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British docs push HPV vaccine for gay boys

HPV linked to many cases of cervical, anal and oral cancer; program to vaccinate young girls recommended for expansion

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vaccination, gay news, Washington Blade

(Photo by Bill Branson for the National Cancer Institute via Wikimedia Commons)

BELFAST — Doctors with the British Medical Association are saying a national program in England to vaccinate young girls against HPV (human papilloma virus) should include gay men, the Belfast Telegraph reported in January.

The British Medical Association has written to Anna Soubry, England’s minister for Health, warning that there is an “alarming increase in anal cancer in gay men.” The Telegraph reported that anal cancer is rising one to three percent a year in “most developed countries.”

HPV vaccinations provide protection against the two most common strains of the virus, those that cause cervical and anal cancer, the report said.

In its letter, the Association cited a similar program they said has been effective in vaccinating 12- and 13-year-old boys in Australia and said they believe such a program in Great Britain would “be of enormous benefit in reducing the incidence of anal warts, anal pre-cancer and cancer.”

Association doctors said they realize it’s not economically feasible to offer it to all boys, but said young gay men up to the age of 21 attending sexual health clinics should be offered the vaccine, the Telegraph reported.

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Monkeypox

Monkeypox vaccination effort shifts towards maintaining demand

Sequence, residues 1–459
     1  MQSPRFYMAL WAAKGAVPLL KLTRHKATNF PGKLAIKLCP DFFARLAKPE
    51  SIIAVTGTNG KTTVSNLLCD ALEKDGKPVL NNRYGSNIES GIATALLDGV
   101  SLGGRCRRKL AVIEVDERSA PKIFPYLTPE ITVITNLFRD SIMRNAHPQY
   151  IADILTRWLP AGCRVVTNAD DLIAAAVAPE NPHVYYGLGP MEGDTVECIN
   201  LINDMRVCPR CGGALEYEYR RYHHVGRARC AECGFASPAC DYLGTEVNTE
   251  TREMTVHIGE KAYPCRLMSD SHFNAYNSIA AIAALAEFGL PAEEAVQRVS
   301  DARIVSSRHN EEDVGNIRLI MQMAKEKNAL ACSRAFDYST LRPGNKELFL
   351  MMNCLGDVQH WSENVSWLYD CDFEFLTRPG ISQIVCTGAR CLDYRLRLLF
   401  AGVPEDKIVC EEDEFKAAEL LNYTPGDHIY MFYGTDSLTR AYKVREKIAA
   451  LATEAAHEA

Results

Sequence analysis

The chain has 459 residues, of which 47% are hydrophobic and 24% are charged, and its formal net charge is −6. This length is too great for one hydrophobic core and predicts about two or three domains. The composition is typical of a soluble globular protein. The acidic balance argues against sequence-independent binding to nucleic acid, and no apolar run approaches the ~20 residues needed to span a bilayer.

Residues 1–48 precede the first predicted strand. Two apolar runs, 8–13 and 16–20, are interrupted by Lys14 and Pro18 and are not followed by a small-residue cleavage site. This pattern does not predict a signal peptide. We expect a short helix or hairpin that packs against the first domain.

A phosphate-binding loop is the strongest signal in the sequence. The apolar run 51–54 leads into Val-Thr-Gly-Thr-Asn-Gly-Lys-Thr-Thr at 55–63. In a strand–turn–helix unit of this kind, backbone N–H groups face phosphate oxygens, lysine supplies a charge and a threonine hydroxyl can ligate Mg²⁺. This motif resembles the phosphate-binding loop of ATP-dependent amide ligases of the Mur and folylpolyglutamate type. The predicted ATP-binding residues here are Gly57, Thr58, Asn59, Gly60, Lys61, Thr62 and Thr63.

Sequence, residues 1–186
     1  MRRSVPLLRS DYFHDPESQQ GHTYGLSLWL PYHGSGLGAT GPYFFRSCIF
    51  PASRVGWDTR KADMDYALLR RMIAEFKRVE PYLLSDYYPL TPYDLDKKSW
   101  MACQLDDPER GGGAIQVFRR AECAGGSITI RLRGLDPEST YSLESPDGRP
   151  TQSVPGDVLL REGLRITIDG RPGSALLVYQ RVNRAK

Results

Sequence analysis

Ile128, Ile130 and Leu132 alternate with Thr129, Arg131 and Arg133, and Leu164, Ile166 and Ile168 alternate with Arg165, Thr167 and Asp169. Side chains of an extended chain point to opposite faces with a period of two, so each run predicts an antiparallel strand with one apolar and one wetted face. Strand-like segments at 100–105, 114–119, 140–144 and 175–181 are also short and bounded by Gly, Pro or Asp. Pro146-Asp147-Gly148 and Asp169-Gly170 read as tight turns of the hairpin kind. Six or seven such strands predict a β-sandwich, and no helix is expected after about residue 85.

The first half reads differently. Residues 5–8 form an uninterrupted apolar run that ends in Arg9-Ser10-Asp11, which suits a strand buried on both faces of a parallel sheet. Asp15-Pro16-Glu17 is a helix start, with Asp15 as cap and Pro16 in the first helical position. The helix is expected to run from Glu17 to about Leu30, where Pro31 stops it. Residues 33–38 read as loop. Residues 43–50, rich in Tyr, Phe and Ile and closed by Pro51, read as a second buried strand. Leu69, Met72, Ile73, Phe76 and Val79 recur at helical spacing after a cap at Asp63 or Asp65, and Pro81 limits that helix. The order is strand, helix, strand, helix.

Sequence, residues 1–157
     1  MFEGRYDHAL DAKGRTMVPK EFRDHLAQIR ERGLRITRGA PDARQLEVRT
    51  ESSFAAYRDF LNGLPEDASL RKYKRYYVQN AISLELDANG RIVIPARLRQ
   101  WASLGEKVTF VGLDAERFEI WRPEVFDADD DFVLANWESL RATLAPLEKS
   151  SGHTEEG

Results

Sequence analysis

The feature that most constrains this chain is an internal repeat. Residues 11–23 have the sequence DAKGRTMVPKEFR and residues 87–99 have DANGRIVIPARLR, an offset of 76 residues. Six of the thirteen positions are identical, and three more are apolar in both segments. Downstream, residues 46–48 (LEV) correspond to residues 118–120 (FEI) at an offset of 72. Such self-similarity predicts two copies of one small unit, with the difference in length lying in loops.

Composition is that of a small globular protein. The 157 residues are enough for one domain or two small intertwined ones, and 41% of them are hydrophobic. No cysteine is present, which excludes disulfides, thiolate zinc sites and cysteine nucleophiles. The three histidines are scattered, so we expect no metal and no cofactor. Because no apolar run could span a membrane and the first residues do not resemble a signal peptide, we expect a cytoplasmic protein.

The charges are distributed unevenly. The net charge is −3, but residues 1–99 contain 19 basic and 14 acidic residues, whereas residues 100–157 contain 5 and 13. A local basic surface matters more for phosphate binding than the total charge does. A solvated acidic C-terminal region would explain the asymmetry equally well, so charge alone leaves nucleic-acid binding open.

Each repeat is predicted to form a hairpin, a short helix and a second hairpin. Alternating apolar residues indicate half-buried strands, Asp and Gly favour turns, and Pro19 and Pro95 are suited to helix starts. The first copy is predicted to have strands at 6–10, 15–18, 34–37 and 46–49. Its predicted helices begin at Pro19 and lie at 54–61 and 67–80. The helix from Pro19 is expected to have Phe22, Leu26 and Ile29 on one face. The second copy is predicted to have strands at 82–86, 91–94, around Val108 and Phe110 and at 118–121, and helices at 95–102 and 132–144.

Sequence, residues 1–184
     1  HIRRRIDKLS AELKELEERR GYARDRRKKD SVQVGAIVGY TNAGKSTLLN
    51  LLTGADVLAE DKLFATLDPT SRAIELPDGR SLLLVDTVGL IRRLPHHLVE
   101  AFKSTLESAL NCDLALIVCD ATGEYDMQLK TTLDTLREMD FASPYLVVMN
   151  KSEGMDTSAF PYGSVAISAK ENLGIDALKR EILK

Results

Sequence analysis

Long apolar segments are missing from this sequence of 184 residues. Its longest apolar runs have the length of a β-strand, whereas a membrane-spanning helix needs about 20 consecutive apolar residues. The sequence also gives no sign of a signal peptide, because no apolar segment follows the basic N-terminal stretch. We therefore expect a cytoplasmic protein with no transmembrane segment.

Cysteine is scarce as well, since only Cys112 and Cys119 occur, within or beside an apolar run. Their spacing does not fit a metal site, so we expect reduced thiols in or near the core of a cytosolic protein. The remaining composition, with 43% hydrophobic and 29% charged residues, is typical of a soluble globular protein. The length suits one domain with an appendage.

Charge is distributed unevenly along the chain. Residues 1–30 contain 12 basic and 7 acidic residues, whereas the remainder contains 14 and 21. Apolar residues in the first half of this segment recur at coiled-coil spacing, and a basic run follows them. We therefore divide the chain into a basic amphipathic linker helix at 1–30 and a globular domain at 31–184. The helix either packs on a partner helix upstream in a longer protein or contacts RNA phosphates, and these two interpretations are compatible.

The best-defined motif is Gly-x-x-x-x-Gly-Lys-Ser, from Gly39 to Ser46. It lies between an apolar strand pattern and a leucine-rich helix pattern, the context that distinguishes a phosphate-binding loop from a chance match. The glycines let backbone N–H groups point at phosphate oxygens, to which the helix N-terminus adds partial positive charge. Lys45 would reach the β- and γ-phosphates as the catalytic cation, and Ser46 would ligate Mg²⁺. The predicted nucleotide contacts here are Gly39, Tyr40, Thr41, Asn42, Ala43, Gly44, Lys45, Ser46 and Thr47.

‘Thousands of shots’ administered at gay events across country

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White House National Monkeypox Response Deputy Coordinator Dr. Demetre Daskalakis (YouTube screenshot)

As ensuring adequate supply and distribution of the monkeypox virus vaccine becomes “less of an issue,” efforts have shifted toward maintaining demand, Dr. Demetre Daskalakis, White House national monkeypox response deputy coordinator, said on Sept. 7. 

This will mean, “making sure that people know that a effective and safe vaccine is available for those that could benefit,” he said, during a press briefing that also featured National Response Coordinator Dr. Bob Fenton and White House Press Secretary Karine Jean-Pierre. 

The officials said they were pleased with the impact of their targeted allocations of vaccine doses to events with large numbers of gay and bisexual men who have sex with men, populations considered high risk for MPV infection. 

“Thousands of shots were administered” at Southern Decadence in New Orleans, Black Pride in Atlanta and Oakland Pride in the San Francisco Bay Area, Fenton said. These efforts “were, frankly, wildly successful,” Daskalakis said. 

During a Q&A with reporters that followed the briefing, Daskalakis addressed questions about the racial disparities that have begun to emerge with respect to infection and vaccination rates. 

According to the Kaiser Family Foundation, “Black people have received 22 percent vaccines, while they account for 36 percent of cases. In contrast, White people have received 63 percent of vaccinations but account for 42 percent of cases.”

Daskalakis explained the events that were targeted this summer were a major part of addressing the disproportionately higher rates of infection and lower rates of vaccination among people of color. 

“It’s not about just the vaccine allocation,” he said. “It’s about that intense community engagement that happens on the ground because, ultimately, public health is a local event.”

From the beginning of the outbreak, those engaged in the federal response were in touch with community organizations, Daskalakis said: “Giving the tools that people need to be able to sort of reach health goals is what we’ve been doing. And the support of organizations that serve Black and brown people have been pivotal in really turning the tide in what I think you’re going to see, the new vaccine numbers emerging over the next few weeks.”